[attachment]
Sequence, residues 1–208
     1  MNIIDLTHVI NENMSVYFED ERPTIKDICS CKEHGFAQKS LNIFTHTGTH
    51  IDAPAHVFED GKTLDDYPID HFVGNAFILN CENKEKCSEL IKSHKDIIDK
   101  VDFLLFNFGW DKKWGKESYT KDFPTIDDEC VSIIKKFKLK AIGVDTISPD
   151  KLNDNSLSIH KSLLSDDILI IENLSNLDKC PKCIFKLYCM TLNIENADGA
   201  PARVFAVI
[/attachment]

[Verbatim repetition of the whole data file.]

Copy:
Sequence, residues 1–208
     1  MNIIDLTHVI NENMSVYFED ERPTIKDICS CKEHGFAQKS LNIFTHTGTH
    51  IDAPAHVFED GKTLDDYPID HFVGNAFILN CENKEKCSEL IKSHKDIIDK
   101  VDFLLFNFGW DKKWGKESYT KDFPTIDDEC VSIIKKFKLK AIGVDTISPD
   151  KLNDNSLSIH KSLLSDDILI IENLSNLDKC PKCIFKLYCM TLNIENADGA
   201  PARVFAVI